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Vol 22 No 3 March/April 2017

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Law and Legal Theory in Classical and Medieval Islam

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Wael B. HallaqProfessor, Institute of Islamic Studies, McGill University, Canada

ISBN13: 9780860784562
ISBN: 0860784568
Published: January 1995
Publisher: Ashgate Publishing Ltd
Country of Publication: UK
Format: Hardback
Price: £100.00

Despatched in 3 to 5 days.

These studies by Wael Hallaq represent an important contribution to our understanding of the neglected field of medieval Islamic law and legal thought. Spanning the period from the 8th to the 16th centuries, they draw upon a wide range of original sources to offer both fresh interpretations of those sources and a careful evaluation of contemporary scholarship.

The first articles expound the interrelated issues of legal reasoning, legal logic and the epistemology of the law. There follows a set of primarily historical studies, which question a series of widely held assumptions, while the last items explore issues of legal theory and methodology.

One particular topic concerns the role of Shafi'i as the ‘master architect’ of Islamic legal theory, and Professor Hallaq would finally argue that this image is in fact false and a creation of later centuries.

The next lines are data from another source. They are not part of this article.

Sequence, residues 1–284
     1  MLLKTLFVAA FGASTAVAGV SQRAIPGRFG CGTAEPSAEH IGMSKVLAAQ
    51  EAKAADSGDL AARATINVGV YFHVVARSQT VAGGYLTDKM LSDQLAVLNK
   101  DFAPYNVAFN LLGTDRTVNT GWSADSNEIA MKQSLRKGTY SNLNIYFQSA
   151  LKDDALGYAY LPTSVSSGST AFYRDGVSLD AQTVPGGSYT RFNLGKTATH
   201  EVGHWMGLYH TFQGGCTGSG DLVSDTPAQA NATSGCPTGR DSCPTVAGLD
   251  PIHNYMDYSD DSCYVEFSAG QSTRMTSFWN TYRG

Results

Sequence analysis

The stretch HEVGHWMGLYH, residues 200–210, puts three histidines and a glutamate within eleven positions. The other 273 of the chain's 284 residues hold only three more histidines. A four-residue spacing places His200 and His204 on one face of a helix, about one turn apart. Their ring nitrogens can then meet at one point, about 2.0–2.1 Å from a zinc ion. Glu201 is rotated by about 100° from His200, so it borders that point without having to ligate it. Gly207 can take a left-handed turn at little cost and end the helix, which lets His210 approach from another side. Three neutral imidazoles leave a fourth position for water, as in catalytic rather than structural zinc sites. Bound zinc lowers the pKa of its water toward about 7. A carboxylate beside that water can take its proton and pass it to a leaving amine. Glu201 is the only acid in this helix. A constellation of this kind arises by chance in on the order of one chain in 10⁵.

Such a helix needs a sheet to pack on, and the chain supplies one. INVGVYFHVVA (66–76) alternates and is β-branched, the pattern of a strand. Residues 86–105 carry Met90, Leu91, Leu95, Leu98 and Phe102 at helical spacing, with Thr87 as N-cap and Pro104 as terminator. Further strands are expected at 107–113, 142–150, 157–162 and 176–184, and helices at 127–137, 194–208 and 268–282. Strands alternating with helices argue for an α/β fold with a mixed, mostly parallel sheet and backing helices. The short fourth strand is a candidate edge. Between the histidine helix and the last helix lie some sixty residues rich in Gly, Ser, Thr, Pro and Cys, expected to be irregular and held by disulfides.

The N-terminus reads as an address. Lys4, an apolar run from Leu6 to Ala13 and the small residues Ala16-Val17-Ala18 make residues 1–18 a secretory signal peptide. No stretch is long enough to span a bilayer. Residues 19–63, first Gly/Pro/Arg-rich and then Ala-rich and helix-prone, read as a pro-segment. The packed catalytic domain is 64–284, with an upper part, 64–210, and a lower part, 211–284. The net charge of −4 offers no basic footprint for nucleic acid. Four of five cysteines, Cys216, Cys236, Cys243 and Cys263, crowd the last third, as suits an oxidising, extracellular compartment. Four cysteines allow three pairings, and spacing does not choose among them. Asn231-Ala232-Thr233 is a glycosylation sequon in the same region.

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Other Jurisdictions , Islamic Law
The logic of legal reasoning in religious and non-religious cultures: the case of Islamic law and the common law
Non-analogical arguments in Sunni juridical qiyas
Logic, formal arguments and formalization of arguments in Sunni jurisprudence
On inductive corroboration, probability and certainty in Sunni legal thought
Was the Gate of Ijtihad closed?
On the origins of the controversy about the existence of Mujtahids and the Gate of Ijtihad
Was al-Shafi‘i the master architect of Islamic jurisprudence?
On the authoritativeness of Sunni consensus
The use and abuse of evidence: the question of provincial and Roman influences on early Islamic law
Notes on the term Qarîna in Islamic legal discourse
The primacy of the Qur’an in Shatibi’s legal theory
Usul al-Fiqh: beyond tradition
Index of Arabic terms
General index.